Dr. Fornum, crisp and professional, raises an eyebrow and shakes her head not quite imperceptibly. Autistic persons do not understand these signals. I have read the book, so I know what it is I do not understand.
What I haven’t figured out yet is the range of things they don’t understand. The normals. The reals. the ones who have the degrees and sit behind the desks in comfortable chairs.
I know some of what she doesn’t know. She doesn’t know I can read. She thinks I’m hyperlexic, joust parroting the words. The difference between what she calls parroting and what she does when she reads is imperceptible to me. She doesn’t know that I have a large vocabulary. Every time she asks what my job is and I say I am still working for the pharmaceutical company, she asks if I know what pharmaceutical means. She thinks I’m parroting. The difference between what she calls parroting and my use of a large number of words is imperceptible to me. She uses large words when talking to the other doctors and nurses and technicians, babbling on and on and saying things that could be said more simply. She knows I work on a computer, she knows I went to school, but she has not caught on that this is incompatible with her belief that I am actually nearly illiterate and barely verbal.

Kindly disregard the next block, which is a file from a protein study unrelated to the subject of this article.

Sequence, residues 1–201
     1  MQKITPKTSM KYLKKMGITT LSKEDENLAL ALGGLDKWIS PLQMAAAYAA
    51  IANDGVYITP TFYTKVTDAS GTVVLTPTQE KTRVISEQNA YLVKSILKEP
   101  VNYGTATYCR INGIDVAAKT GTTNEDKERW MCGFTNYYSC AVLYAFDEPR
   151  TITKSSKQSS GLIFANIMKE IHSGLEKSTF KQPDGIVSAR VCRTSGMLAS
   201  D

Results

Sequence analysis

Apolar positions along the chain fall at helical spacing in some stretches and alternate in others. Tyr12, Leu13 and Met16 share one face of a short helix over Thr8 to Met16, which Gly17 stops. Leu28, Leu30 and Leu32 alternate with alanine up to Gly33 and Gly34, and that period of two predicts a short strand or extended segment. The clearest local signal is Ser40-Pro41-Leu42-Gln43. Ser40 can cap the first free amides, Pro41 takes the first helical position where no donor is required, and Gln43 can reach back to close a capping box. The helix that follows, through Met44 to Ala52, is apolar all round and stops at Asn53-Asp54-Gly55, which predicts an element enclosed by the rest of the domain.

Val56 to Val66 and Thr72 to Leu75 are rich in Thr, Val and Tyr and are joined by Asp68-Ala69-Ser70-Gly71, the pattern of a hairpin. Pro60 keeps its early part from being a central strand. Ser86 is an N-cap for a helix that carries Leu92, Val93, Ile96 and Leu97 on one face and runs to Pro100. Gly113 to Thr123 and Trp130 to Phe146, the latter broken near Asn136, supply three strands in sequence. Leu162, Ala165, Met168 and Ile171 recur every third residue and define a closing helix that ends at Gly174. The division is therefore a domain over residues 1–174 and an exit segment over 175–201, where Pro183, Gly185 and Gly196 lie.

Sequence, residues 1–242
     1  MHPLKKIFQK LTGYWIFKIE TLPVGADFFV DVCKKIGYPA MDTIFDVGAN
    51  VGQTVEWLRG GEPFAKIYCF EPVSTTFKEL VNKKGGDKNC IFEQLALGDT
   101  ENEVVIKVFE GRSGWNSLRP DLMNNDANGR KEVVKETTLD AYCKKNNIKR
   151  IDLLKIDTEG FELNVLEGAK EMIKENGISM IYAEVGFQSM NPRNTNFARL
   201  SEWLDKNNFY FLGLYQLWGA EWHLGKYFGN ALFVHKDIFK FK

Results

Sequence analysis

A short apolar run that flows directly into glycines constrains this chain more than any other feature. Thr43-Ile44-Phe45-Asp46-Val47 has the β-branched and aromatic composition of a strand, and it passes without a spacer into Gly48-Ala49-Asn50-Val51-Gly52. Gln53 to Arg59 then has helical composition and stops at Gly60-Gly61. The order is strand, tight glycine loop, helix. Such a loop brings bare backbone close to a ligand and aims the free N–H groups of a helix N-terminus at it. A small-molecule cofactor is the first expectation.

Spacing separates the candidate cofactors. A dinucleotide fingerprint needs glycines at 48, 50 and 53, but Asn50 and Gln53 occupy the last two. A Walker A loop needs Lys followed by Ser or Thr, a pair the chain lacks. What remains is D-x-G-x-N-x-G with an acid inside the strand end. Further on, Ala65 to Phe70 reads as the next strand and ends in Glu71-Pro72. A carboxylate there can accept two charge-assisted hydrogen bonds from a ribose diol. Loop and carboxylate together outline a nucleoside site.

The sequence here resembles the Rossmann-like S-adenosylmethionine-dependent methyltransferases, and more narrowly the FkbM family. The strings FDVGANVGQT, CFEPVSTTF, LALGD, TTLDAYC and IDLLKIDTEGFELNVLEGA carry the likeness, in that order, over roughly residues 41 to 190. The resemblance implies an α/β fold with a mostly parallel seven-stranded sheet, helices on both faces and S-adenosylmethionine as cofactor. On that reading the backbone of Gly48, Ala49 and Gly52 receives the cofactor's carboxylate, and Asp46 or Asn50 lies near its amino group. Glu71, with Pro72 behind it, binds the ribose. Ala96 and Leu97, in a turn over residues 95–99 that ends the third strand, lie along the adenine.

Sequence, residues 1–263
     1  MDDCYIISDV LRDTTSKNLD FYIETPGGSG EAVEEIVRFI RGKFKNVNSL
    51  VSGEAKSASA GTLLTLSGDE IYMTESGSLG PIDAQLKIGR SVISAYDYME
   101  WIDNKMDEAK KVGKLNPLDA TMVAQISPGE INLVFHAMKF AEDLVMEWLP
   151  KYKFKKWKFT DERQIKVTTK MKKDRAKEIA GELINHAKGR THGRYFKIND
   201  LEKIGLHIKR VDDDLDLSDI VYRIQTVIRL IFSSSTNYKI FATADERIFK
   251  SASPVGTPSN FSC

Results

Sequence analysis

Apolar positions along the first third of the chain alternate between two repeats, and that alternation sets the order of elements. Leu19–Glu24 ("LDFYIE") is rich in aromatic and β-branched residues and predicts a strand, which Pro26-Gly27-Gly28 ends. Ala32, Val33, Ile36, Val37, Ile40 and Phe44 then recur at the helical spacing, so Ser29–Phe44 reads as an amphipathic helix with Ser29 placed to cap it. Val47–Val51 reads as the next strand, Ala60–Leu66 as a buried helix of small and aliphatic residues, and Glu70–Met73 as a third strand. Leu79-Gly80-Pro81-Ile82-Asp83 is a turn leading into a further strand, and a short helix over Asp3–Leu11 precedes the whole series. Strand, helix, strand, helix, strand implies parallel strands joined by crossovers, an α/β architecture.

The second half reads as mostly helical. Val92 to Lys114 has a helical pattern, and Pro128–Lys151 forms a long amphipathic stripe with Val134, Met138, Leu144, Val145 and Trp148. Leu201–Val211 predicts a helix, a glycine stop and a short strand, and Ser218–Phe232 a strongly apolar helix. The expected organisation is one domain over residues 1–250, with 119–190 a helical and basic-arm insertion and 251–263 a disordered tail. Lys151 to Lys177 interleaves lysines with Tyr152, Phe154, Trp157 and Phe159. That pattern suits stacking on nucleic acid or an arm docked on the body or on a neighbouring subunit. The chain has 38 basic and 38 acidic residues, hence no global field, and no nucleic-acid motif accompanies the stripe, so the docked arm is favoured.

She talks to me as if I were a rather stupid child. She does not like it when I use big words (as she calls them) and she tells me to just say what I mean.
What I mean is the speed of dark is as interesting as the speed of light, and maybe it is faster and who will find out?
What I mean is about gravity, if there were a world where it is twice as strong, then on that world would the wind from a fan be stronger because the air is thicker and blow my glass off the table, not just my napkin? Or would the greater gravity hold the glass more firmly to the table, so the stronger wind couldn’t move it?
What I mean is the world is big and scary and noisy and crazy but also beautiful and still in the middle of the windstorm.
What I mean is what difference does it make if I think of colors as people or people as sticks of chalk, all stiff and white unless they are brown chalk or black?
What I mean is I know what I like and want, and she does not, and I do not want to like or want what she wants me to like or want.
That’s the first bit of THE SPEED OF DARK by Elizabeth Moon, which is one of the best and most impressive books I’ve ever read. It’s actually hard to stop copying it out here because it’s so good that I want to hold up every bit of the first chapter and point to it and say Look At This.